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More cycle tracks and greenways in Seattle’s bicycling future

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Seattle is taking another stab at improving bicycling in the city in an updated Bicycle Master Plan that relies heavily on cycle tracks and greenways — two schemes not promoted in the original master plan approved in 2007.

Linden Avenue cycle track -- in the street but separated from traffic

Linden Avenue cycle track — in the street but separated from traffic

The idea is to entice potential bike riders who are not particularly interested in mixing it up with traffic on bike lanes or shared-used roads.

The authors of the latest Bicycle Master Plan want to encourage more people to use bicycles for commuting and errand-running by creating enjoyable and safe places to ride. Cycle tracks, neighborhood greenways and bike trails fit the bill.

The Seattle City Council endorsed the updated 20-year Master Plan this week.

New modes

Trails speak for themselves and have been around for years. The idea of cycle tracks — one- or two-way bicycle lanes that are physically separated from traffic — became popular in recent years among bike advocates who see them in use in Europe. Greenways are residential streets designed for low traffic volume and speeds.

Both are currently in use in Seattle on a limited bases. Linden Avenue had the first cycle track that connected segments of the Interurban Trail. There are 3.2 miles of cycle track in place in the city; the master plan calls for building a total 101 miles of new or upgraded cycle track.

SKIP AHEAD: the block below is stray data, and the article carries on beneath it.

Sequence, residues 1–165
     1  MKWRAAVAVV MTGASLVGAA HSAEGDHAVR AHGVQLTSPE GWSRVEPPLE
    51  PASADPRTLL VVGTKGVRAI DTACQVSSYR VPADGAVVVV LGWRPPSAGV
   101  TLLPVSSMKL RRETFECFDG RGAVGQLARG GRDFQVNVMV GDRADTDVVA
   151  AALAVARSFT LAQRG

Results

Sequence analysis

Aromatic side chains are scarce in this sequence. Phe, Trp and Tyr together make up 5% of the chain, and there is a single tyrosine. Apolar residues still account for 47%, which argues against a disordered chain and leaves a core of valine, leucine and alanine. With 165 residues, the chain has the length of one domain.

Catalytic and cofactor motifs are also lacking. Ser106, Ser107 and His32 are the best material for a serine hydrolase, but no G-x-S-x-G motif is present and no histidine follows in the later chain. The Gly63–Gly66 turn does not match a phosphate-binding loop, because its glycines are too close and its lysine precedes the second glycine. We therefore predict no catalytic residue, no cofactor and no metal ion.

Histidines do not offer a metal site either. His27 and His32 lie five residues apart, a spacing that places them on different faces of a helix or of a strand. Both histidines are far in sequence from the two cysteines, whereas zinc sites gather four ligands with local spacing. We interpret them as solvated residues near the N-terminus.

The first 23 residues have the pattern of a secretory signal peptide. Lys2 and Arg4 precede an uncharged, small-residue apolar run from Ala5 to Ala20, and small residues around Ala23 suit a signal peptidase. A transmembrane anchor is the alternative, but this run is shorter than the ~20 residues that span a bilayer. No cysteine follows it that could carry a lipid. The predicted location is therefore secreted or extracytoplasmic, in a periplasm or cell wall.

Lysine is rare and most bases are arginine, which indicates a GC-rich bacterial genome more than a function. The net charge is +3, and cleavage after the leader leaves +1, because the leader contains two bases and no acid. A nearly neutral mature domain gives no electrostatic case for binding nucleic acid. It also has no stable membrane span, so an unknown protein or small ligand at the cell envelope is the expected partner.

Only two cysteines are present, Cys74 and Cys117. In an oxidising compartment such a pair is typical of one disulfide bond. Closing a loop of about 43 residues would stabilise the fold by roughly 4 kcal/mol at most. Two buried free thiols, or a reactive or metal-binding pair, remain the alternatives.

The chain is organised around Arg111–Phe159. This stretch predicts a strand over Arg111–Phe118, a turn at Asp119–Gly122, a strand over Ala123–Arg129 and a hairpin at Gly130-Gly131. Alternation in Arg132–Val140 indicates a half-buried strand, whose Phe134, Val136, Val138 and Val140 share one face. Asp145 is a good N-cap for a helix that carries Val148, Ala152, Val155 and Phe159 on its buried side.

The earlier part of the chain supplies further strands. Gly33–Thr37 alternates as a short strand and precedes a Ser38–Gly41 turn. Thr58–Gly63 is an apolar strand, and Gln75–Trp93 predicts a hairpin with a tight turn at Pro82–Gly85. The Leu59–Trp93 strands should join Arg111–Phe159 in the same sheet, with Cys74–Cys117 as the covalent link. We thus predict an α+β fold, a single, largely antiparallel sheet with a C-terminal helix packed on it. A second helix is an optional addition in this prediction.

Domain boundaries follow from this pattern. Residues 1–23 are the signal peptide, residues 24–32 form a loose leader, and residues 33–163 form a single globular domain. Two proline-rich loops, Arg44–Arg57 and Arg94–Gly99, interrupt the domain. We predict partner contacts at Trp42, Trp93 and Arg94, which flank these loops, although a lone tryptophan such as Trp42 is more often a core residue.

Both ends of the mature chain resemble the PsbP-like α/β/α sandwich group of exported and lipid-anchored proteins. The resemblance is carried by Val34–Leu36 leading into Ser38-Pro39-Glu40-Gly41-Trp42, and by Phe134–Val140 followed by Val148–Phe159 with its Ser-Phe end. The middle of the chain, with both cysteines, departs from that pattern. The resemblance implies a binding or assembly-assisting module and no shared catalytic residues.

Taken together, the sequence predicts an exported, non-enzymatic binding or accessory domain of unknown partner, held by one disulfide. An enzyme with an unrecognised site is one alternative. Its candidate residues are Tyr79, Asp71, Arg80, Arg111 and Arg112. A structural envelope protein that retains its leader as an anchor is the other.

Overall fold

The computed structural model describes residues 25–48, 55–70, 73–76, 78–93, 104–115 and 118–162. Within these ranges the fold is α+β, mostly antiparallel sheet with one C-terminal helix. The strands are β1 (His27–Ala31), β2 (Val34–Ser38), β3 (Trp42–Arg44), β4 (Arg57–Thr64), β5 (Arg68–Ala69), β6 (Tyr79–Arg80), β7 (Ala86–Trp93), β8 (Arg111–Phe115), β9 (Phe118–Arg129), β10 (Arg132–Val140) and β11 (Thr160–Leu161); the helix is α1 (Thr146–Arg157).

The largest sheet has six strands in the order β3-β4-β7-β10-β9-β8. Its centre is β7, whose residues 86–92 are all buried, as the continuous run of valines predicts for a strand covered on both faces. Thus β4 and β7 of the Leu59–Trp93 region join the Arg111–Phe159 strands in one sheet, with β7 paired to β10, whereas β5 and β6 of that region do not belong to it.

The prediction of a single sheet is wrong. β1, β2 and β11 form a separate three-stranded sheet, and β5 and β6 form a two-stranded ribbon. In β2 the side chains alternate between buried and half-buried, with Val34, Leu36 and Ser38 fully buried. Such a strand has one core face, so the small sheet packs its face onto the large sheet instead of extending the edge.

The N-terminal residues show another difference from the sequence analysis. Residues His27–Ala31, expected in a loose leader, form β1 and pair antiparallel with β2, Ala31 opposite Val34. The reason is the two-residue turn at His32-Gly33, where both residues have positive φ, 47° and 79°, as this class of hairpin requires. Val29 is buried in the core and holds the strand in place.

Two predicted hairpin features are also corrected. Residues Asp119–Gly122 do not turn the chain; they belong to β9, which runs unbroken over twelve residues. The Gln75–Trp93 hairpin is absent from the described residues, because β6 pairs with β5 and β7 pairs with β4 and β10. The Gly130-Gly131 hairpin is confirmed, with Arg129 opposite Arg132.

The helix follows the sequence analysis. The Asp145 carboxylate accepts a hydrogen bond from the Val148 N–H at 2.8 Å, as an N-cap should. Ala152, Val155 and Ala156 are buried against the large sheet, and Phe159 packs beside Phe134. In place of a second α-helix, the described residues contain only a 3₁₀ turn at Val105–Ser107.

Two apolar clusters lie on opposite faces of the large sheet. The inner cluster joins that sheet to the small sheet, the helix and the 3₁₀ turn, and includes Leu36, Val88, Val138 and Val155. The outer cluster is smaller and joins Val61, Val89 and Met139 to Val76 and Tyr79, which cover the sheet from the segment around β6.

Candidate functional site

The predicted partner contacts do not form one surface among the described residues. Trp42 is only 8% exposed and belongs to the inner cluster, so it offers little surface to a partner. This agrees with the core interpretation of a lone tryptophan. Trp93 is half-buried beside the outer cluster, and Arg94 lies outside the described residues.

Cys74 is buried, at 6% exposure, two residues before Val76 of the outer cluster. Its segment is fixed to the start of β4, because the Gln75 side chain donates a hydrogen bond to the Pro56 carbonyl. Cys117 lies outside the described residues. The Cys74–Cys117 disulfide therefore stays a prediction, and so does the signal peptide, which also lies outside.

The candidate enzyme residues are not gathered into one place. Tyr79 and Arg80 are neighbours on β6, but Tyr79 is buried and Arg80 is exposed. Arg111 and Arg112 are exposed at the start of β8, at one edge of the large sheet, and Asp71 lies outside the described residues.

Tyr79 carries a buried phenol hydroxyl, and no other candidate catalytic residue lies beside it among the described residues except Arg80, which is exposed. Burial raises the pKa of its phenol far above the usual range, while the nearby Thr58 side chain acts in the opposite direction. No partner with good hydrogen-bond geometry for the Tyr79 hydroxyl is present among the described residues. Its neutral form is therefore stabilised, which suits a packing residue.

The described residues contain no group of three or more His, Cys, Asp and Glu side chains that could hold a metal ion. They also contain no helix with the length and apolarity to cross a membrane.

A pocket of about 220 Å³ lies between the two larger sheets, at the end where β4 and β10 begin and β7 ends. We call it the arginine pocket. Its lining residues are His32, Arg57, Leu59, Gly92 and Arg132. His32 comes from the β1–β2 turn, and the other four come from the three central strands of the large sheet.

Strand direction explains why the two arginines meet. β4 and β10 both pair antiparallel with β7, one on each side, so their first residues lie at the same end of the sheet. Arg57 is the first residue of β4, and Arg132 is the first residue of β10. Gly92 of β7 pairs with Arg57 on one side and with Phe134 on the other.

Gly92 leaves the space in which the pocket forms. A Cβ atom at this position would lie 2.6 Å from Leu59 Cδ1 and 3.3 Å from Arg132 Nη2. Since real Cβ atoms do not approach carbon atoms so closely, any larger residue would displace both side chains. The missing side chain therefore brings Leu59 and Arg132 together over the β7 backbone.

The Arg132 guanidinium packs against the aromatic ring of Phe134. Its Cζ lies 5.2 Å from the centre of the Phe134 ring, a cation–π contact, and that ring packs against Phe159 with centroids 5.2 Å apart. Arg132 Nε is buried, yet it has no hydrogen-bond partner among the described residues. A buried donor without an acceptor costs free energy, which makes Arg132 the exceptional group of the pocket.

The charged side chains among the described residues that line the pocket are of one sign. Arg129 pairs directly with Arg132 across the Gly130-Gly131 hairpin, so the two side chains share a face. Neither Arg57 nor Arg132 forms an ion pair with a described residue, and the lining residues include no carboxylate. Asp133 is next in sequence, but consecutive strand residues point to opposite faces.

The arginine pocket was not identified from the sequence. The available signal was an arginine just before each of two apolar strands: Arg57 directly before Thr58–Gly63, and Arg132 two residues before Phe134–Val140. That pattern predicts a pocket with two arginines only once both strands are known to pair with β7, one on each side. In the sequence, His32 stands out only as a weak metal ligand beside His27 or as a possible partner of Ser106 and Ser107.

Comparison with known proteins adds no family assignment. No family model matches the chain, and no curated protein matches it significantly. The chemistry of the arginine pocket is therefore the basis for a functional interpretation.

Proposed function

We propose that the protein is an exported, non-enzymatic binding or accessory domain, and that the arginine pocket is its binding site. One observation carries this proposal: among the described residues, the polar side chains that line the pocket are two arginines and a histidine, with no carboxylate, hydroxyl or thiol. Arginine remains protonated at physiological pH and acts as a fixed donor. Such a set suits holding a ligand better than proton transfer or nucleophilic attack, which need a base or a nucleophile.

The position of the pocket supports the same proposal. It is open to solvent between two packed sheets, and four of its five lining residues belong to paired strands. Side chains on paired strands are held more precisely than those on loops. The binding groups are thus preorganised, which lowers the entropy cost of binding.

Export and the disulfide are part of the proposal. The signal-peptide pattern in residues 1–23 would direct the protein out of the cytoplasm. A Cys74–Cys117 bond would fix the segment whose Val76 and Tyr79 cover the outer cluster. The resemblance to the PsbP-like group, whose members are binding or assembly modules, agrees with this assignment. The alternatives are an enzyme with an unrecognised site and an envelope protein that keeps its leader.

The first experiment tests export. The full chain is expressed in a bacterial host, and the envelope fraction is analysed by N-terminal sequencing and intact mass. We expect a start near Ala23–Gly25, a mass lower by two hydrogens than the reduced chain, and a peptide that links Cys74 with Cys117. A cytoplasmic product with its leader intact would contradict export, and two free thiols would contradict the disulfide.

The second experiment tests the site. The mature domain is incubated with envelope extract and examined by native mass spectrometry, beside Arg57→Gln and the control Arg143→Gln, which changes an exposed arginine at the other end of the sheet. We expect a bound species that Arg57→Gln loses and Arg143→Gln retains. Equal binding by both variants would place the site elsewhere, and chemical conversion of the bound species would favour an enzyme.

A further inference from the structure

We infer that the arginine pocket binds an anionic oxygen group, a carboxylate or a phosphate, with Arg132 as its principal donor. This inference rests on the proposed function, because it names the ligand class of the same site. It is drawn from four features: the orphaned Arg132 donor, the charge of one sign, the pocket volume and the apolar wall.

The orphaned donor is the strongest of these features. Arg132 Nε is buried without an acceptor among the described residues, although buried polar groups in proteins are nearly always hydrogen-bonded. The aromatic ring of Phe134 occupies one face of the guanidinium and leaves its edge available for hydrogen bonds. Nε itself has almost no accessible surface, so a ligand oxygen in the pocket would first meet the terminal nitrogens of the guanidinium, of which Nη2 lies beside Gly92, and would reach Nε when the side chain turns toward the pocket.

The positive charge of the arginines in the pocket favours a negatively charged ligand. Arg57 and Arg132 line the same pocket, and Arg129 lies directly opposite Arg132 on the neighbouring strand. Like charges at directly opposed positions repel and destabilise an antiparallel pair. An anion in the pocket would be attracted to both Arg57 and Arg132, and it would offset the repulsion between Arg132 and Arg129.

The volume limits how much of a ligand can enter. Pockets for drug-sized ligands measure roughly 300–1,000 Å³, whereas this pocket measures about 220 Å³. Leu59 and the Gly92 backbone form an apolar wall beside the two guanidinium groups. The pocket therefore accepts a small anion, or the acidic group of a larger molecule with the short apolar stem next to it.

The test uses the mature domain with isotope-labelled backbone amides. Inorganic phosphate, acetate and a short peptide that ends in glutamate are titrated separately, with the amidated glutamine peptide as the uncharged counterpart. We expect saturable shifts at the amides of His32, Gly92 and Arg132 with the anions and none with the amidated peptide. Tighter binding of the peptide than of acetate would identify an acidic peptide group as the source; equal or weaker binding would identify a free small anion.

About 10 miles of Seattle’s neighborhood streets are considered as greenways; the plan calls for creating 238 miles of greenways through neighborhoods.

The plan also calls for adding another 32 miles to the city’s network of 47 miles of bike trails.

Table from updated Seattle Bike Master Plan

Table from updated Seattle Bike Master Plan

At one time, the miles of bike lanes in a city were a measure of its bike-worthiness. The new master plan calls for building or upgrading 93 miles of bike lanes for a total 137 miles of bike lanes in the city, less than a quarter of the future 608-mile bicycle network for Seattle.


Total cost for all this work ranges from $391 million to $524 million. The cycle tracks are the most expensive project for bicycles, costing between $1.5 million to $1.9 million per mile. Bike paths are slightly less costly at $1.4 million to $1.5 million per mile. Greenways cost about $650,000 per mile.

The previous Bicycle Master Plan approved in 2007 set out to spend about $240 million over 10 years to build bike lanes, bike trails and signed bike routes around the city.

You can find the Adopted Bicycle Master Plan and supporting documents at the Seattle Department of Transportation website. It’s really a nice looking document with lots of details.

Also, Seattle Bike Blog writes on how to fulfill the vision in the updated master plan.

Seattle Times also covered the revamped master plan.

Permanent link to this article: http://www.bikingbis.com/2014/04/16/more-cycle-tracks-and-greenways-in-seattles-bicycling-future/

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  1. More cycle tracks and greenways in Seattle’s bicycling future | Isupon

    […] Seattle is taking another stab at improving bicycling in the city in an updated Bicycle Master Plan that relies heavily on cycle tracks and greenways — two schemes not promoted in the original master plan approved in 2007.The authors of the latest Bicycle Master Plan want to encourage more people to use bicycles for commuting and errand-running by creating enjoyable and safe places to ride. Cycle tracks, neighborhood greenways and bike trails fit the bill.Trails speak for themselves and have been around for years. The idea of cycle tracks — one- or two-way bicycle lanes that are physically separated from traffic — became popular in recent years among bike advocates who see them in use in Europe. Greenways are residential streets designed for low traffic volume and speeds. Read full article […]

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